To date, innovation and investment in the wireless power industry has focused on radio frequency (RF) and magnetic inductive technologies that distribute energy over short distances, and provide low power (milliwatts to Watts), from the point of energy generation [i.e., a transmitter] to a remote system [i.e., a receiver]. High power transmission may be achieved using these technologies; but, doing so presents a trade in transmission distance, system footprint, cost, and efficiency. Particular methods of optical energy transmission, on the other hand, present us with the opportunity to increase both transmission distances and practical power transfer capacities.
Last month, Nimbus Engineering introduced their Power Relay Technology which bridges the gap between high-power and long-distance wireless power solutions. Power Relays volumetrically absorb light which reduces overall heat generation within the receiver, when compared to two-dimensional photovoltaic receivers, and increases overall energy transfer efficiency. It is well known that photovoltaic cells efficiently absorb narrow band frequencies of light to produce power. However, when the intensity of incident light reaches the photovoltaics’ maximum rated input power, each incremental incident photon results in heat generation, thus reducing the overall efficiency of the cell.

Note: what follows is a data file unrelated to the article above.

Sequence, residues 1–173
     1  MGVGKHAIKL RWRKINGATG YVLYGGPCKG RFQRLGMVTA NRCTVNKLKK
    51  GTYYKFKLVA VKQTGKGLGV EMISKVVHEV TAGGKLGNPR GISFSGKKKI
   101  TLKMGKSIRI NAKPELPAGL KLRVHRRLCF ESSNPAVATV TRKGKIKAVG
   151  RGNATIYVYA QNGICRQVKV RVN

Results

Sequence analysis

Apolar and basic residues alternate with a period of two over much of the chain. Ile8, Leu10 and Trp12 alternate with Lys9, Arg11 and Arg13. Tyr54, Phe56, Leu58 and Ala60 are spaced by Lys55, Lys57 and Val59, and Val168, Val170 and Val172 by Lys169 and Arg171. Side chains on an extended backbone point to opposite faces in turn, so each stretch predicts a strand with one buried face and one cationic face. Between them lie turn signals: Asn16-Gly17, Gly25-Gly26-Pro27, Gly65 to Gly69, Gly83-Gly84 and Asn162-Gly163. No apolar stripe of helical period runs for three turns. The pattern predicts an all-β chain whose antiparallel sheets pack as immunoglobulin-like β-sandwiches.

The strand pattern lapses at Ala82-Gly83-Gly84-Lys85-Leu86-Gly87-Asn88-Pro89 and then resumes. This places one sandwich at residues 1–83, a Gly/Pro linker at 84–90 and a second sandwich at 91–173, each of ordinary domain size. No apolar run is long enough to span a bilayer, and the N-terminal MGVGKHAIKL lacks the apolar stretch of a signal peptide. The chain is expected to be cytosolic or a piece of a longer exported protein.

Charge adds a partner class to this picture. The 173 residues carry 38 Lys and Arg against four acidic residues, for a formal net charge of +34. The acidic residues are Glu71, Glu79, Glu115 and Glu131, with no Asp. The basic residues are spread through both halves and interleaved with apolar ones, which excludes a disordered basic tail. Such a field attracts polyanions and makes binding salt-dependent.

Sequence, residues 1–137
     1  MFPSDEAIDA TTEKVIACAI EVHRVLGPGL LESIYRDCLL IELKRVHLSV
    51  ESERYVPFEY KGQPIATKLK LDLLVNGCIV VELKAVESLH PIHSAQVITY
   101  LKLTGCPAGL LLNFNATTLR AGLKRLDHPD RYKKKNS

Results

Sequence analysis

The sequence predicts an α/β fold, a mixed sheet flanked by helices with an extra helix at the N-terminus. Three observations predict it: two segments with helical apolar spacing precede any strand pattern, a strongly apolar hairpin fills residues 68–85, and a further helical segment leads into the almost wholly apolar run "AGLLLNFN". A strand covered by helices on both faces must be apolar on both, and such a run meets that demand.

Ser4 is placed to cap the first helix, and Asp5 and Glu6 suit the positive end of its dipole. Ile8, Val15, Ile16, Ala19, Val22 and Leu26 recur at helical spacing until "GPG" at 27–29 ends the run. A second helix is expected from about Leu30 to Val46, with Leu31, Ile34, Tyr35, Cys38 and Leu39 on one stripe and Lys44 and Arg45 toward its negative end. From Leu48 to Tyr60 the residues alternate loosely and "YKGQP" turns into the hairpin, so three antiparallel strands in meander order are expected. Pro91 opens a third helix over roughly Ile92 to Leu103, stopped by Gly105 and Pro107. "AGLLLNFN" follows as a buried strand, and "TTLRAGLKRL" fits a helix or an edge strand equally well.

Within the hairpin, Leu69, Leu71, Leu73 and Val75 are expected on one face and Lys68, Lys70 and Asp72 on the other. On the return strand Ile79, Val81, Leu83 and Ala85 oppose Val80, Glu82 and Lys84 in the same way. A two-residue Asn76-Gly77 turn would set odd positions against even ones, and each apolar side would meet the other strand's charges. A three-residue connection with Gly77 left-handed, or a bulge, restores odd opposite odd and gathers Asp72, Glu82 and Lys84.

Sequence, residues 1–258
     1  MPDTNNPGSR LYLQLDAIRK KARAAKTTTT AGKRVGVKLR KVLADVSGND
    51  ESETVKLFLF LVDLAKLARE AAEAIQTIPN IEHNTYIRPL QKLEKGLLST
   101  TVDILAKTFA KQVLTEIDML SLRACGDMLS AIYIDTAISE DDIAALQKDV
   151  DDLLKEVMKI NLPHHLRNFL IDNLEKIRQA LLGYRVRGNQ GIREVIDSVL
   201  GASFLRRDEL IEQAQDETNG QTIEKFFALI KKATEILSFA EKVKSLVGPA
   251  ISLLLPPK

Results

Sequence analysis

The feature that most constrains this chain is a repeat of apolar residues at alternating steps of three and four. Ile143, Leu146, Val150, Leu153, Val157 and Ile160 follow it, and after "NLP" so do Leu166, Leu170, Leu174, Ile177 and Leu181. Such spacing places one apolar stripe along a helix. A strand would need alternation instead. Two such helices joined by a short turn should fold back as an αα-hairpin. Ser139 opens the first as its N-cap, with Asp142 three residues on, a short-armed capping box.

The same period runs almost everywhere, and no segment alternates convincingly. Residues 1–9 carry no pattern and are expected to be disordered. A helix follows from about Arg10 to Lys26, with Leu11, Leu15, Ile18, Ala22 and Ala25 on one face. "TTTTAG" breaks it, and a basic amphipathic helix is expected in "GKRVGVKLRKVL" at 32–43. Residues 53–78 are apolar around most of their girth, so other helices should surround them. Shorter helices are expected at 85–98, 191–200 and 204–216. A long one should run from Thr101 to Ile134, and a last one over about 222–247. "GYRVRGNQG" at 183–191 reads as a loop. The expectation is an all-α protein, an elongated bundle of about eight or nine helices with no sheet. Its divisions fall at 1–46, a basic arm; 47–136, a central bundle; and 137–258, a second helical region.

Nimbus’ approach to optical energy absorption increases the surface area and mass of material incident photons have access to. Power Relays utilize a proprietary design which incorporates several kilograms of photoluminescent material to absorb high-intensity, narrow band light allowing it to maintain a safe operating temperature. In a recent demonstration, their Power Relay received approximately 1.2kW of optical power from custom designed LED transmitter for over 30 minutes while remaining safe to the touch. The current system design enables a power output of up to 300-Watts DC when coupled with the appropriate light transmitter. Subsequent models are projected to provide power outputs of up to several kilowatts.
Because Power Relays can output hundreds of Watts to kilowatts, several Fortune 500 companies – especially those with vast numbers of physical retail and distribution centers – have begun to show interest in deploying Power Relays to improve the flexibility of their operations. For example, retail environments contain thousands of distributed digital assets that require electricity and, with a network of Power Relays, can easily be powered at a distance from a ceiling or wall-mounted transmitter without the use of unsightly, inflexible, expensive wiring. This additional electrical connectivity can increase the retailer’s in-store digital presence and enable two-way communications with customers via digital signage, while also maintaining a level of operational flexibility that is desirable for seasonal shifts in merchandising strategies or planogramming.
Power Relays can also be adapted to mobile systems, such as autonomous mobile robots, autonomous guided vehicles, and autonomous guided carts to enable hands-free charging, even if the system is in motion, so long as the transmitter can maintain line-of-sight (LOS) with the mobile-system-mounted receiver. This capability can further eliminate idling time due to charging events and facilitate frequent opportunity charging during the system’s work cycle. Additionally, this may allow industrial environments to optimize use of space by eliminating designated charging docks and locations for battery swapping.